“BEE” READY: It’s Bee Club!


Selaam Dollisso, Online Managing Editor

It’s the year 2050. The world has contended with the reunion of North and South Korea, the effects of climate change, and a Kanye presidency. Produce levels have reached an all-time low, and there is no longer enough food to sustain the massive population. It would seem that only a problem so vast could cause such a catastrophe, but this is not the case.

The culprits are actually quite small. Bees: the hardworking bundles of yellow and black who pollinate day in and day out, contributing to an estimated one-third of the world’s food supply. Bees are one of the most important species on the planet because of their necessity not only support our own survival, but to power essentially every food chain in our ecosystem. Devastatingly, for the first time in the nation’s history, seven bee species, native to Hawaii, have been placed on the endangered species list.

According to a recent article by CNN, the “ U.S. loses 30-70% of honey bee colonies a year”. There are two categories of bees to be concerned with: honey bees and wild bees- each with their own reasons for population reduction. Honey bees, as stated in their name, are used for the commercial sale of honey. The accumulation of their lives’ work is scraped from honey combs and drizzled into our lives, one supermarket shelf at a time. Wild bees are not confined for commercial use and are still out doing their thing in nature. The main reason the wild bees are dying is because of the dissipation of their environment.

Dr. Christopher Conolly of Dundee University states why this is such an urgent matter in an interview with CNN: 

“In the U.K. we’ve lost 97% of all our wild-flower meadows. These are places where the wild pollinators live, nest. If we destroy these, then we reduce the food available for them and the very diet they need, and also places to nest over winter. And if we lose the wild pollinators, if anything happens to our honey bees, we’ll be in a very serious position.”

Pesticides have a multitude of negative effects on bees including inhibiting their ability to do high-end cognitive thinking such as, learning, navigation, and communication. There has also been a study on male bees where the chemicals acted as a contraceptive- only worsening the case of population drop. Without shelter, flowers to feed on, and pesticides infecting their hives, bees are continuing to die off in big waves. No matter how much we hate their sting, we need them in order to survive. In the words of Barry Bee Benson in “The Bee Movie”, it’s time for us to start “thinking bee”.imgres-3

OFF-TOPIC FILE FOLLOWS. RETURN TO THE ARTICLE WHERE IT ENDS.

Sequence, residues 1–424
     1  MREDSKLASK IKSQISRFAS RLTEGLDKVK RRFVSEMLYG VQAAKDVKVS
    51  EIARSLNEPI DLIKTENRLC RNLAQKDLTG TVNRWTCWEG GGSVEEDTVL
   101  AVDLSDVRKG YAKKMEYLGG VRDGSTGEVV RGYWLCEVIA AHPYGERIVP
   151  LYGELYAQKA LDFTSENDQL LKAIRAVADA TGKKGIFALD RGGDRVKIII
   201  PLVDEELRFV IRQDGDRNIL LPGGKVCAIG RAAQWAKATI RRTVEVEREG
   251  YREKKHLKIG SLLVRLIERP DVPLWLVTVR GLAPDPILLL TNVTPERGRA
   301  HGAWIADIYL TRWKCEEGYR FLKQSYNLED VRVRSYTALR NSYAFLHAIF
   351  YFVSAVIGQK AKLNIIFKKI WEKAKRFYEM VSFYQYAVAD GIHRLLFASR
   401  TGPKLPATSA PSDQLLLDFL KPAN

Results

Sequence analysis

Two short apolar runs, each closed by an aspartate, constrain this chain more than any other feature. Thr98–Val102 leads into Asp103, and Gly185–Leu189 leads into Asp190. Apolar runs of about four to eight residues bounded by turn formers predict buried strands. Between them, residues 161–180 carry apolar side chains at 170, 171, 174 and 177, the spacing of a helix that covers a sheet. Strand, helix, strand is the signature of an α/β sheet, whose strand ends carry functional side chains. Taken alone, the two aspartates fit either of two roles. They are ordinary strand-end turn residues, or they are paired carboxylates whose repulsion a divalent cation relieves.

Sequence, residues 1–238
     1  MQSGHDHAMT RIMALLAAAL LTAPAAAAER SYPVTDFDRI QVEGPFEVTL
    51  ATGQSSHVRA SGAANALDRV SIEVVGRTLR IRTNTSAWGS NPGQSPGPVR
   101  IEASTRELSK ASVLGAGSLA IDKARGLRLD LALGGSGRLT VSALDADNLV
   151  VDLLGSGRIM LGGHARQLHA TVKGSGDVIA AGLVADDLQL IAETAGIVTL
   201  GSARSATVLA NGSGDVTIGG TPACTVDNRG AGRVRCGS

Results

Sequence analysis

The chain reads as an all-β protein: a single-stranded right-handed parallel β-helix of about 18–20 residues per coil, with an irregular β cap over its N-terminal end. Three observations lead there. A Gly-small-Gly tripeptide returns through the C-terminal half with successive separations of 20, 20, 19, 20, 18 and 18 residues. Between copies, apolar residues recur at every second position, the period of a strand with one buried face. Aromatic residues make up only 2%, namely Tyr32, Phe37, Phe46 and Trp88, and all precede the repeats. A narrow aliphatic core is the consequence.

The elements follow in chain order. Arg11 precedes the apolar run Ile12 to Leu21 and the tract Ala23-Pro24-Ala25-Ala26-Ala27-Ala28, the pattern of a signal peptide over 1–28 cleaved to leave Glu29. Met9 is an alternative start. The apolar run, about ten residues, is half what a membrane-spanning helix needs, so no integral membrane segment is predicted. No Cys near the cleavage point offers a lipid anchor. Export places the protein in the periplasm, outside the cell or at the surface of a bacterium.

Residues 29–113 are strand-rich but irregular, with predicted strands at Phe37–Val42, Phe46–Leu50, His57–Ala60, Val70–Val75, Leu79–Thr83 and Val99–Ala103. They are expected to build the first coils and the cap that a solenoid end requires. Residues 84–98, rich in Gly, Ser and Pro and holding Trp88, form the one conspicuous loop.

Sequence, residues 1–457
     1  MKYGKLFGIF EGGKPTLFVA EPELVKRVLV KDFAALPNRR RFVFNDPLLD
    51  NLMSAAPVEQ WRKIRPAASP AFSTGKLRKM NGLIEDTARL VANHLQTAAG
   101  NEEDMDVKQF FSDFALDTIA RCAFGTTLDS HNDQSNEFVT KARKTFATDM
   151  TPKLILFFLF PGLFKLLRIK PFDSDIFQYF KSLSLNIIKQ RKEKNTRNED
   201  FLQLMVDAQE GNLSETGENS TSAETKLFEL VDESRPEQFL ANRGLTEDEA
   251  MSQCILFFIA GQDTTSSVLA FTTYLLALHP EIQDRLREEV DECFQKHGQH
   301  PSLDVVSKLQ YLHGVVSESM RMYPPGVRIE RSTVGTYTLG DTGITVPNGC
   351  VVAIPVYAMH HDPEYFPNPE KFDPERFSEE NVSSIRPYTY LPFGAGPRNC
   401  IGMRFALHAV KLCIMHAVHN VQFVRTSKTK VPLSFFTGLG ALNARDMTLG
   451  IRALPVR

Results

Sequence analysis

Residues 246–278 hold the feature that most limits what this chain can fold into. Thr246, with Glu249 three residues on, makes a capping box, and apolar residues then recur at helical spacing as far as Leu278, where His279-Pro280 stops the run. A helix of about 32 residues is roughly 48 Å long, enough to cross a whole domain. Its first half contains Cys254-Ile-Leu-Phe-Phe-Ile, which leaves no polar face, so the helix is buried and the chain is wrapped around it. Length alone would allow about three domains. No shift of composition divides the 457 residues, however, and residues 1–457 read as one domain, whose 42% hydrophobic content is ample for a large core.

Juniors Deeksha Sarda and Eileen Murray are doing just that, creating Ames High’s first club dedicated solely to these proud pollinators by brainstorming solutions and informing students (and the public) about this devastating problem. The inspiration for this one-of-a-kind club came from their AP Biology final. 

“[We] won’t be able to maintain current produce levels without…  bees… unless an alternative method is found.We decided to start the club to raise awareness and to help save bees.”, the two shared. 

The club’s goal is to have a lot of discussion in order to gain knowledge about the various problems causing this decline in bees and brainstorm solutions.

“We hope to use that knowledge by [doing] outreach projects… hopefully [we can] teach… kids and get them excited… to help. We are also considering going to a Story County Conservation program or even a honey farm!”

Additionally, they plan on having fundraisers here at Ames High to raise awareness among students, as well as raise money for a few year-long projects.

“One of our main goals is to build 2-3 pollinator hotels and donate them to parks around Ames. They’re basically wooden structures that provide a place for native bees to live since humans are depleting them of their natural homes.”

The club meets in Ms. Edster’s room during Friday Plus Periods. “Bee” there, or be square.